Toyota’s decision to recall and halt sales of vehicles for possibly faulty accelerator pedals could send its dealers scampering for cover, but Kevin Kelly, general manager at Down East Toyota of Brewer, sees it paying off in the long run.
In an unprecedented move, the company said late Tuesday it would halt sales for eight models — which make up more than half of Toyota’s U.S. sales volume — to fix the gas pedals. Last week, Toyota issued a recall for the same eight models, affecting 2.3 million vehicles.
“They base a lot of their sales and marketing on their safety, reliability and reputation, and by voluntarily calling these things back because of a very few instances, they are standing behind their claims, their reputation, and the fact that they produce great, reliable cars,” Kelly said Wednesday.
“Whether you sell services, widgets or whatever, you sell on your reputation,” he added. “By voluntarily calling back these vehicles, they are upholding their strong reputation in the market and saying, ‘We are taking care of our customers by doing this.’ I would expect that people would say, ‘Wow, they are really stepping tall on this deal.’”
Maine’s eight Toyota dealerships complied Wednesday with Toyota’s decision to halt sales of the eight models under recall for faulty accelerator pedals — a decision that National Highway Safety Administration officials said Toyota was legally required to make.
Toyota said Tuesday it was halting production at six North American assembly plants and stopping sales of the models in the U.S. and Canada until it finds a fix. As of Wednesday, no fix was announced.
The recall left the Maine dealerships with as much as half their sales inventories depleted, although Toyota offers more than 18 models, depending on how models are classified.
Shepard Toyota of Rockland still has 70 percent of its inventory, sales manager John Carter said. York Toyota of Houlton has half of its inventory remaining, co-owner Jerry York said. Emerson Toyota of Auburn reported 55 of its 150-vehicle inventory pulled from the lot.
Down East was down about a quarter of its 200 vehicles, Kelly said.
Yet the overall picture of the recall as portrayed in news media accounts is misleading, Carter said.
The recall applies only to vehicles equipped with pedals supplied by CTS Corp. of Indiana and built in the supplier’s Canadian factory, he said. That completely knocks out half the models on the recall or sales suspension list: the Avalon large sedan, 2005-10 models; Matrix hatchback, 2009-10; Tundra pickup, 2007-10; and the Sequoia large SUV, 2008-10.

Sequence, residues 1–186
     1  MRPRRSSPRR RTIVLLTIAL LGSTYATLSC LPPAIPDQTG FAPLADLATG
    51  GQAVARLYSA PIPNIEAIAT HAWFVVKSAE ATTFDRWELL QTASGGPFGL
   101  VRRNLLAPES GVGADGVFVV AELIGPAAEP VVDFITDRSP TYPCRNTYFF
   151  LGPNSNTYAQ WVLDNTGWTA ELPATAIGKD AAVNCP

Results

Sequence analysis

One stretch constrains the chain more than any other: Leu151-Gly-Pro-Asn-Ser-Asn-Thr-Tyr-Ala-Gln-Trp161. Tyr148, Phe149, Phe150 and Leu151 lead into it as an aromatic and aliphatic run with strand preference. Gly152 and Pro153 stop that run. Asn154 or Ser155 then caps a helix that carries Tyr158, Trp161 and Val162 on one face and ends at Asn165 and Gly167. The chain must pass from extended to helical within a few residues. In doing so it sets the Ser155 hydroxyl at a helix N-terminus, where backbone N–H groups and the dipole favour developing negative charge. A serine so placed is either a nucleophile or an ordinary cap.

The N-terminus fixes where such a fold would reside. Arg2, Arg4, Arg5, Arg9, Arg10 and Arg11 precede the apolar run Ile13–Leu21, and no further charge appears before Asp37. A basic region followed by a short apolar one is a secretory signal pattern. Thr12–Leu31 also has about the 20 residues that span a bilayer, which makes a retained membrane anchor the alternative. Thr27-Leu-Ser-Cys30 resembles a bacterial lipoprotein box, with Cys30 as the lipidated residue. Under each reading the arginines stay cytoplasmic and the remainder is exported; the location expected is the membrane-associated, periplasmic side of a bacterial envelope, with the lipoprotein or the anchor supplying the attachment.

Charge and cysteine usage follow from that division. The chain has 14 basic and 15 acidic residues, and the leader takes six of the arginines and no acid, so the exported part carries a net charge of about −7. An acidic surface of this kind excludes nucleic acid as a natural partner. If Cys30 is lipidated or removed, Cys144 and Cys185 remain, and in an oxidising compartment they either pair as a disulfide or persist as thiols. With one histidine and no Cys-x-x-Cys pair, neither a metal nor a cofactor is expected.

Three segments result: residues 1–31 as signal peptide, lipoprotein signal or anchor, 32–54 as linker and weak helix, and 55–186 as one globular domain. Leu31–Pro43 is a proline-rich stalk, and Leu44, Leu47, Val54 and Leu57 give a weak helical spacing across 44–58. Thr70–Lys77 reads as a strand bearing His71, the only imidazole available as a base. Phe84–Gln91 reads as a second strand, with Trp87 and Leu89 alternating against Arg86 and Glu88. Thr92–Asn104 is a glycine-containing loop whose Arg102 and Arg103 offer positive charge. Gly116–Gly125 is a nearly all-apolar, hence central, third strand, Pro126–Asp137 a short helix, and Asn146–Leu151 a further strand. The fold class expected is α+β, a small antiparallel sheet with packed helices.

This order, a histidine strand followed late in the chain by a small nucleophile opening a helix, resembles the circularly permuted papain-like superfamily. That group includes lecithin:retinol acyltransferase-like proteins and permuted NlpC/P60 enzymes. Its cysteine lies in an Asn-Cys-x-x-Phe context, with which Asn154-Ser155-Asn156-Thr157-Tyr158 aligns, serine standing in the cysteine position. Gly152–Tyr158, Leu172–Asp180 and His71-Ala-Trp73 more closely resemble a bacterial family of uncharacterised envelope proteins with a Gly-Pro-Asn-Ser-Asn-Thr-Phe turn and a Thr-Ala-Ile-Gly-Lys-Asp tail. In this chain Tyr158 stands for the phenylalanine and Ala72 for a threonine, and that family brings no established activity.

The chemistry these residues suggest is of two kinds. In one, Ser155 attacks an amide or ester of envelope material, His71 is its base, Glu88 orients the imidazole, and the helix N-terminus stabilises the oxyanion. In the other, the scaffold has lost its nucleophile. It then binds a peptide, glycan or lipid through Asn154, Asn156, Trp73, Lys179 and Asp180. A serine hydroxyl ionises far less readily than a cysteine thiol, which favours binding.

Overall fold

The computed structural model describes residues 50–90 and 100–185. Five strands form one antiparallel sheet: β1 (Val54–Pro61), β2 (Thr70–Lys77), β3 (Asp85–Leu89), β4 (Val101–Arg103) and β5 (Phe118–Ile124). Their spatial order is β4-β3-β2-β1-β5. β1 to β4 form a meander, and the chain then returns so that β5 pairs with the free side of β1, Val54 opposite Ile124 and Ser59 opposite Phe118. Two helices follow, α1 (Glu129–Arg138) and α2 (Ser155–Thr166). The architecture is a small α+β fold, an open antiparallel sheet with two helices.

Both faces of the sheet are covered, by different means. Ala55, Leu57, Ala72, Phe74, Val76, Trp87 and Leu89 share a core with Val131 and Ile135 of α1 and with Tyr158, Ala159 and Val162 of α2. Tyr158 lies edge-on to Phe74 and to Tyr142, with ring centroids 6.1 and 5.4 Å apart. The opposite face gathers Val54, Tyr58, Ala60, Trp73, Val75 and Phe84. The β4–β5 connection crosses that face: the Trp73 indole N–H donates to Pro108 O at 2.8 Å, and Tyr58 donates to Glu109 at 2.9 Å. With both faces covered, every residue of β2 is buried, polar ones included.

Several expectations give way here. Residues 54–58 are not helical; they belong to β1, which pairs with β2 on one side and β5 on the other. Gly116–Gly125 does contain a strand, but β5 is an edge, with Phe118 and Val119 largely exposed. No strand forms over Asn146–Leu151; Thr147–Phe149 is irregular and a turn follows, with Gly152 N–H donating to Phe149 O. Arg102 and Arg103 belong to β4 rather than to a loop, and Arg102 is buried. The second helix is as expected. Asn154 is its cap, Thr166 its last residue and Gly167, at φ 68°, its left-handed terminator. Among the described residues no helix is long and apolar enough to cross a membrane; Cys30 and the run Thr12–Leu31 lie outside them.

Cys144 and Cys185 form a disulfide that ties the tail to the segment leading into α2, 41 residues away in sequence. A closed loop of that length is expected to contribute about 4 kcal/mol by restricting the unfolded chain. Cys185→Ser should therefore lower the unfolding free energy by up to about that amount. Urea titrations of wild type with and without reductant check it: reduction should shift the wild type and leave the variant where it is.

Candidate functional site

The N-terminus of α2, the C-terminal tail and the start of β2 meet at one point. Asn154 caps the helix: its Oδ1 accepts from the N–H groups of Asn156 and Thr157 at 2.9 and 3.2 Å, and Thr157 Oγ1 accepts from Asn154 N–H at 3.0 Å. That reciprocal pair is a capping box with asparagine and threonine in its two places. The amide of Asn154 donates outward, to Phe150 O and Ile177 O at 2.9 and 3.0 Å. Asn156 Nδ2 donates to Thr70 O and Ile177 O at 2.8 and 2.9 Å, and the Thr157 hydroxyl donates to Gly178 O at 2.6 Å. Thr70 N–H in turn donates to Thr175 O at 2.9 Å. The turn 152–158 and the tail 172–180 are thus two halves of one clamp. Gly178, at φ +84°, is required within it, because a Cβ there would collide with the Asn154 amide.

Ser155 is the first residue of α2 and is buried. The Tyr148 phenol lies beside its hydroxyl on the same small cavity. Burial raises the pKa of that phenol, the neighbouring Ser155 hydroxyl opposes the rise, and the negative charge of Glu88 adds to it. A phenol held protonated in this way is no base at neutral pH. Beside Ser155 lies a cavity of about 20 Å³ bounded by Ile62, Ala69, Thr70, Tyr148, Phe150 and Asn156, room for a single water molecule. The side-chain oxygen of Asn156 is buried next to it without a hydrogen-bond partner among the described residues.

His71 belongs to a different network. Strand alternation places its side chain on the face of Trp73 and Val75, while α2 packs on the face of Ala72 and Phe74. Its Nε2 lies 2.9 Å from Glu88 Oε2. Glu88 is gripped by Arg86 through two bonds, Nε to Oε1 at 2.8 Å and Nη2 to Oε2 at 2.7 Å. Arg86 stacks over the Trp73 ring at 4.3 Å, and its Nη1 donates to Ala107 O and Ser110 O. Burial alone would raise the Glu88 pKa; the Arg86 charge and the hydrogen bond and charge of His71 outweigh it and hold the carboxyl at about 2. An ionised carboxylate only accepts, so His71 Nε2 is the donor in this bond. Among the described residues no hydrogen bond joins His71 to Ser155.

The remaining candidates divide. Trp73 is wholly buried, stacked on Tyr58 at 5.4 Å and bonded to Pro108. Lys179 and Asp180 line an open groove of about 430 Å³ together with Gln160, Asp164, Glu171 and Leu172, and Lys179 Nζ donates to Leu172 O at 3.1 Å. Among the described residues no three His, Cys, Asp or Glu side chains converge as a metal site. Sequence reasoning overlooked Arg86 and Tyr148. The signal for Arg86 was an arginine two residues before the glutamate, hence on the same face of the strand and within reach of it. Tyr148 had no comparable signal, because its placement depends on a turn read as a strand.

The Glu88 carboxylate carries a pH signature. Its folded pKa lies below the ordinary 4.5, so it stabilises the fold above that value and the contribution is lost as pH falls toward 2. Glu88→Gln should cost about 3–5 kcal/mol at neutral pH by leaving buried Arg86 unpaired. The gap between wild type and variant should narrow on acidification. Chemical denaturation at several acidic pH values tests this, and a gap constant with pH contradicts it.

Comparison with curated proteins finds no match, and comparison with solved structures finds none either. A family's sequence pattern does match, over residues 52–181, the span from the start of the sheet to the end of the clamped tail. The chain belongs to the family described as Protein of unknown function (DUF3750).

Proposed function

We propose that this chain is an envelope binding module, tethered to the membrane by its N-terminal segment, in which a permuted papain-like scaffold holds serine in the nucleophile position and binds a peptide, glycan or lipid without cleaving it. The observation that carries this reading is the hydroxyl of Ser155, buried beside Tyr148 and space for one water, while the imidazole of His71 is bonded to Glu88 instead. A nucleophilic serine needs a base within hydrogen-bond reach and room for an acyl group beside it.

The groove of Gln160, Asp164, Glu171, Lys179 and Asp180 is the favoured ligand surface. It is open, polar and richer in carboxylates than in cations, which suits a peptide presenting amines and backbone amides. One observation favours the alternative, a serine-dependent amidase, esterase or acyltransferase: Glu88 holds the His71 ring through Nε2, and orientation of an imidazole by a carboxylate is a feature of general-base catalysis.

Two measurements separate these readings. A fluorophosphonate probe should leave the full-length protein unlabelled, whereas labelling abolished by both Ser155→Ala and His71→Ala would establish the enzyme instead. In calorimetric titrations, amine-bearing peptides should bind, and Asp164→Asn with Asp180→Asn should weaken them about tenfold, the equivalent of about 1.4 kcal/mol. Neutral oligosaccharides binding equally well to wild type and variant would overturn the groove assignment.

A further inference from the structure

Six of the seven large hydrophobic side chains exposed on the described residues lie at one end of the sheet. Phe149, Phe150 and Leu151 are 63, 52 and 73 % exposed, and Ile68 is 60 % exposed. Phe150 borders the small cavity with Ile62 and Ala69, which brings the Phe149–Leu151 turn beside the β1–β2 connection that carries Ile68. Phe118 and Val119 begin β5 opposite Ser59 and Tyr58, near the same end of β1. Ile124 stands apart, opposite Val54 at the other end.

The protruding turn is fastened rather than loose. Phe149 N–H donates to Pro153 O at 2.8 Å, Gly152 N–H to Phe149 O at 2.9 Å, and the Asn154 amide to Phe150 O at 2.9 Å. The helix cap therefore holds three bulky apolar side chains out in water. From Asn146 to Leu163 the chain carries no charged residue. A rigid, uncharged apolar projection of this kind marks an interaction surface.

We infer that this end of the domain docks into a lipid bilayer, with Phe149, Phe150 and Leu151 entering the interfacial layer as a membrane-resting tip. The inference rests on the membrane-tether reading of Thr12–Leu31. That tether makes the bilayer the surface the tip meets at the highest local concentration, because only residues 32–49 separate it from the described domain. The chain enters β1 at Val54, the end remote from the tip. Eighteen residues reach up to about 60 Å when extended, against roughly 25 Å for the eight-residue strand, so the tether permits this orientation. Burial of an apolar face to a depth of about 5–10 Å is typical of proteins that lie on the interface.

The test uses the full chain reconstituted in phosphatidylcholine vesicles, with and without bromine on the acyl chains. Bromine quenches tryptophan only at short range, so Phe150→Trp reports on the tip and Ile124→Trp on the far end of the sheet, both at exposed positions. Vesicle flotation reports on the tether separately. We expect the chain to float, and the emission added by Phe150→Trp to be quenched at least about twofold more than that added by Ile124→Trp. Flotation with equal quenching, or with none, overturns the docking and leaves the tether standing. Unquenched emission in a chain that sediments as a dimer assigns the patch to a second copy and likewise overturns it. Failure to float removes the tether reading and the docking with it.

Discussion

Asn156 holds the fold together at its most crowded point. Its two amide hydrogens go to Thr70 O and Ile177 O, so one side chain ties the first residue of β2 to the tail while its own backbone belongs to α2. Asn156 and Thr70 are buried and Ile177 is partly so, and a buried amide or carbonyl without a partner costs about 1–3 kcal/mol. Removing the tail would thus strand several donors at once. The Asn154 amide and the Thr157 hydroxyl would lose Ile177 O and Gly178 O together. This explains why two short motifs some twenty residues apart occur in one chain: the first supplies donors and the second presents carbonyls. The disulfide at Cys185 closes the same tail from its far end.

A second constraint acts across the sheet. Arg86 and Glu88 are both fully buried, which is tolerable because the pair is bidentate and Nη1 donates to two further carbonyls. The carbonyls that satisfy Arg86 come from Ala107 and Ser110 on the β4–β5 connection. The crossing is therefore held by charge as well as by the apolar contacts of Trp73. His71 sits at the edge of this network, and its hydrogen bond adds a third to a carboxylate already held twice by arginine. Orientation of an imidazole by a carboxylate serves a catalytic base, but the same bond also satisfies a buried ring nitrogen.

But the rest of the stop-sale list — the Corolla, 2009-10; Camry, 2007-10; Highlander crossover, 2010; and RAV4, 2009-10 — is safe and available, if the vehicles were made in Japan or otherwise without CTS pedals, Kelly said.
“The recall affects only a very small percentage of all the Toyotas that could be affected,” York said.
“I have RAVs I can sell, and Camrys,” said Vinnie Goulette, general sales manager at Emerson. “There are a lot of these vehicles still out there, and they’re fine.”
Confusion has led to the dealerships getting calls from customers wondering whether their vehicles are on the recall list, York said.
“People just want to be assured that they don’t have a problem with their car. They want more information and there will be more information forthcoming,” Kelly said.
Customers can call their local Toyota dealers or a national Toyota line, 800-331-4331, for information. If they have a vehicle with an accelerator problem, local dealers will likely pick up the car for them.
None of the Toyota dealers interviewed Wednesday reported having seen vehicles with stuck accelerator pedals.
Kelly regards the recall as positive, but the other dealers weren’t sure. Toyota lost $7.1 billion last year, its first reported annual loss of income in the company’s history. The recall could hamper Toyota’s ability to return to profitability through increased sales and hurt the company’s reputation as a producer of reliable vehicles.
“It is certainly negative right now because some of these vehicles can’t be sold,” York said. “The only potential upside to all this is if Toyota comes up with a fix and addresses it quickly. So far they haven’t done that.”
“It’s too early to say. We hope it doesn’t have an impact,” Carter said. “A lot of dealers probably wouldn’t have reacted this quickly. They [Toyota officials] are reacting on the side of caution and are the first ones to fix the problem, and that’s good.”
The Associated Press contributed to this report.